A national sex offender registry exists yet it is not viewable by the general public. This database is strictly limited to law enforcement. The FBI's U.S. Attorney maintains this database. The purpose of the National Sex Offender Registry is to track those registered as sex offenders. This registry also helps with the safe and accurate transmission of updated information to pertinent jurisdictions across the entire United States.
Sex Offenders Who Fail to Register
Sex offenders who do not register as sex offenders on the registry are committing a federal offense. However, the system designed to enforce such registration is not flawless. There have been and likely always will be sex offenders who are not registered as such and walking free without any type of repercussion. Furthermore, some of these perpetrators do not update their information in the registry after moving. If an unregistered sex offender is subsequently found guilty of yet another new violent crime, it is possible to add upwards of three decades to his or her sentence.
The Issue of Homelessness and Sex Offender Registration
Those who are registered in sex offender databases are typically forced to notify the government when moving to a new residence. This notification requirement is an issue in instances when the registered offender does not have a place to live. Such an individual is likely to wander from one place to the next and no one will have any idea he or she is a sex offender. This situation is particularly problematic if the homeless person is a legitimate threat to the well-being of others. The sad truth is most states do not have a special provision in the registration code that covers homeless sex offenders.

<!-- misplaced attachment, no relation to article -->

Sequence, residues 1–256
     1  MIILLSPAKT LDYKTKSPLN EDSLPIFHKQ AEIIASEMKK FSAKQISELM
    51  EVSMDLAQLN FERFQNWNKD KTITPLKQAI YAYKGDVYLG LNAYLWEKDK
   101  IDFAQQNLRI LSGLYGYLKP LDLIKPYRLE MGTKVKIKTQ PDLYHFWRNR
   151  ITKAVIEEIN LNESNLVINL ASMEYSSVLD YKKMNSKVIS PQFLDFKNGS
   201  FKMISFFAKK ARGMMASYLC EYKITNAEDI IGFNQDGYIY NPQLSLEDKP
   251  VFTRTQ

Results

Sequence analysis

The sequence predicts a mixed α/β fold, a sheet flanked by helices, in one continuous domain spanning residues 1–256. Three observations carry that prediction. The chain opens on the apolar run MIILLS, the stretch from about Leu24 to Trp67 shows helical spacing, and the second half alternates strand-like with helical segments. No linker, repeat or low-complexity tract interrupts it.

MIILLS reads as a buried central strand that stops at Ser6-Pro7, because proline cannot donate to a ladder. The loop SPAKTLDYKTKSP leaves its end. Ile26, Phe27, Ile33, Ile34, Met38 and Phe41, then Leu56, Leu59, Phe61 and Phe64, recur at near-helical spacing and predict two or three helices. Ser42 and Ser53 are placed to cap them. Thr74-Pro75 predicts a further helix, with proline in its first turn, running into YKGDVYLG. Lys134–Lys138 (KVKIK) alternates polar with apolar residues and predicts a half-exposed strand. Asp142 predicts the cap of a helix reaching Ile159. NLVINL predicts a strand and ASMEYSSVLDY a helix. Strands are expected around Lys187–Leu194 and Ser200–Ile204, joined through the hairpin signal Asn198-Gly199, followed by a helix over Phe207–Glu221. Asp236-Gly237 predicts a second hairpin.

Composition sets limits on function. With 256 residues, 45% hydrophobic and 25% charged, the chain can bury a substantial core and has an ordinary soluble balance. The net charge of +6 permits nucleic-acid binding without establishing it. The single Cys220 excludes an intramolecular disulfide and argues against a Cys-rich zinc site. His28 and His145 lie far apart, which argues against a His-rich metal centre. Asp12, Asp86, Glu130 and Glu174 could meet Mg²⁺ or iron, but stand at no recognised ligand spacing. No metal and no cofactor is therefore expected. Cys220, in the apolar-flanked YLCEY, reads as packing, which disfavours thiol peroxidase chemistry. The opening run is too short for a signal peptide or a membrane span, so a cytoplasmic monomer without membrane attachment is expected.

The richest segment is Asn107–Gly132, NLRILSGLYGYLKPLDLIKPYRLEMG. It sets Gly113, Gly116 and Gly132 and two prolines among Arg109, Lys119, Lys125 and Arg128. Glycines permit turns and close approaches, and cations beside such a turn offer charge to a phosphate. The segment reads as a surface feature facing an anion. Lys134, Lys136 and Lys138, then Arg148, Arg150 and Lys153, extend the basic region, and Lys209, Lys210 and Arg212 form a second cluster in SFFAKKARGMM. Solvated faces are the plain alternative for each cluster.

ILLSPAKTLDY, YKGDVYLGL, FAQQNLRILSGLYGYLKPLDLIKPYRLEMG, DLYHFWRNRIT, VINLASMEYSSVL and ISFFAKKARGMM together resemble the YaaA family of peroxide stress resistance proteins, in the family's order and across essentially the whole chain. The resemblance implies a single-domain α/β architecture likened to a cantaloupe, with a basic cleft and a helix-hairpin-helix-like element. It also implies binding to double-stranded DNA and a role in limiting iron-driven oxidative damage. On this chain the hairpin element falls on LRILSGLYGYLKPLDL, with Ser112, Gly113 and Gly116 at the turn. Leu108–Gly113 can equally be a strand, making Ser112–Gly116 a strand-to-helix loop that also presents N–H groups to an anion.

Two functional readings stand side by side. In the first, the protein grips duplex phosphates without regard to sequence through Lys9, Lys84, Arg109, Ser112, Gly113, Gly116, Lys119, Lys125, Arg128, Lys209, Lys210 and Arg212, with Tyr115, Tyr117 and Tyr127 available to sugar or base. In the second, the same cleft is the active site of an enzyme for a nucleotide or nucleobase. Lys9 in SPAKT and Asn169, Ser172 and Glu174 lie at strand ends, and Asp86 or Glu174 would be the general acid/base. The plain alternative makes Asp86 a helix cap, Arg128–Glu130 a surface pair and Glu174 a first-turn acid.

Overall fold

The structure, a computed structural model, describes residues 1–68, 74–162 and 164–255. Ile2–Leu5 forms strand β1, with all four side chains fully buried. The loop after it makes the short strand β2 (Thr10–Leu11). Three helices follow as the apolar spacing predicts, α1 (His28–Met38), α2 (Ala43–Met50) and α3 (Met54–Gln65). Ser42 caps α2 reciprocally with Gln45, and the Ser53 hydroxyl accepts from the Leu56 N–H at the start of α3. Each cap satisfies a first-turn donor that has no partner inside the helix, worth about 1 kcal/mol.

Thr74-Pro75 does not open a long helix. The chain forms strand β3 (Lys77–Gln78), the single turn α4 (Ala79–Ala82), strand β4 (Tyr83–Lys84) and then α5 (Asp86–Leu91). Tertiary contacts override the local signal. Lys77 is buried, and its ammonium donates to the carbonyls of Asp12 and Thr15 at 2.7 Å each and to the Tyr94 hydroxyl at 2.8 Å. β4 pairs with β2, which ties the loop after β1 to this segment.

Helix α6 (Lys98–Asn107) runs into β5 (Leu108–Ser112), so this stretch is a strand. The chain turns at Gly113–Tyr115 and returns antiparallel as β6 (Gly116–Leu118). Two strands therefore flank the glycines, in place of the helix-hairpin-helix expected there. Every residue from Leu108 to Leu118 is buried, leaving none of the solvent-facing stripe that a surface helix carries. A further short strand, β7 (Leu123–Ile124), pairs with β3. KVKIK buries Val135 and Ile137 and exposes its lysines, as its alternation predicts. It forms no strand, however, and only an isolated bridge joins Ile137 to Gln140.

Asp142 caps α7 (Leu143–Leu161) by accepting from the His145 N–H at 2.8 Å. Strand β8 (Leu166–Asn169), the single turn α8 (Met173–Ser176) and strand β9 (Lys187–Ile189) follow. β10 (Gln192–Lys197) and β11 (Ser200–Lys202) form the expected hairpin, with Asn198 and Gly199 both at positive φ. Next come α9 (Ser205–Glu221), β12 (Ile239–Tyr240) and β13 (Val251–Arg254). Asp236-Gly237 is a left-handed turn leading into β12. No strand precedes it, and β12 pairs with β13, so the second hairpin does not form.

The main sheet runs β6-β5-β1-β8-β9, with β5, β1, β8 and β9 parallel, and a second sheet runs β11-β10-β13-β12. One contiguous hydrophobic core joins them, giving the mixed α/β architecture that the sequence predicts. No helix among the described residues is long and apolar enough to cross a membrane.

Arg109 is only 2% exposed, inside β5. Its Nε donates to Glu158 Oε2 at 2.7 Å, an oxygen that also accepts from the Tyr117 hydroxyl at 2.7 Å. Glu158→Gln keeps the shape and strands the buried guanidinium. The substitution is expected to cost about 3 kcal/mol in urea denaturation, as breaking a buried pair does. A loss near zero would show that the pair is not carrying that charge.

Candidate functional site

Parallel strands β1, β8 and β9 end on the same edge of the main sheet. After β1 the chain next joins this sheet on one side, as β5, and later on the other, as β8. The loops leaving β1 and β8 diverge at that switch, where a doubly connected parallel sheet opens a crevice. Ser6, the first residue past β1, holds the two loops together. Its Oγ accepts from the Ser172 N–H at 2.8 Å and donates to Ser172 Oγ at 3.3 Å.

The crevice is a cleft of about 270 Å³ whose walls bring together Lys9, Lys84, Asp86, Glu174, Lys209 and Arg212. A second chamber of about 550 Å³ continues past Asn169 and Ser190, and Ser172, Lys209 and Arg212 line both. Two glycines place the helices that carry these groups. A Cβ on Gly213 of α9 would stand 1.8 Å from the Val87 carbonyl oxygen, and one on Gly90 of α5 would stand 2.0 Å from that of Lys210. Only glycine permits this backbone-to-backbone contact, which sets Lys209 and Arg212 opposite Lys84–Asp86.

The Challenge of Child Perpetrators
Sex offender registries become quite the controversial topic when the issue of child sex offenders is raised. There have been instances in which a teenager who is a couple days beyond the legal age for sexual consent is jailed for having sex with a minor who is a day or two away from the legal age of consent. In other instances, minors who have nude photos of their significant others can be labeled as sex offenders. These youngsters are still required to register on the sex offender registry due to the requirements of mandatory sentencing.
Sex Offender Information Availability
In certain localities within the U.S., the list of sex offenders is made available to the general public. As an example, it is possible for people to use the internet, newspapers and other forms of community notification to find information about local sex offenders. However, in certain localities, such complete lists of sex offenders are not available to anyone. Certain localities reserve access to such information. Only the police can access the complete list of sex offenders in these areas.
Sex Offender Categories
In the U.S., sex offenders are generally grouped into three categories: Level I, Level II and Level III. The amount and type of information the general public can access about such sex offenders is based on the level in question. Information is typically more accessible to the general public for sex offenders who are at the highest level. In certain jurisdictions, the sex offender level is a reflection of the potential chance for recidivism. In other jurisdictions, the sex offender level is determined by the virtue of the conviction. In such a situation, there is no assessment of the offender's risk level.
For the most part, states that apply registry schemes that are risk-based tend to exclude the lowest risk sex offenders from the public disclosure. In certain states, sex offenders who are the highest risk are the only ones made available through public disclosure. Other states include those who are considered to be moderate risk sex offenders on websites available to the public.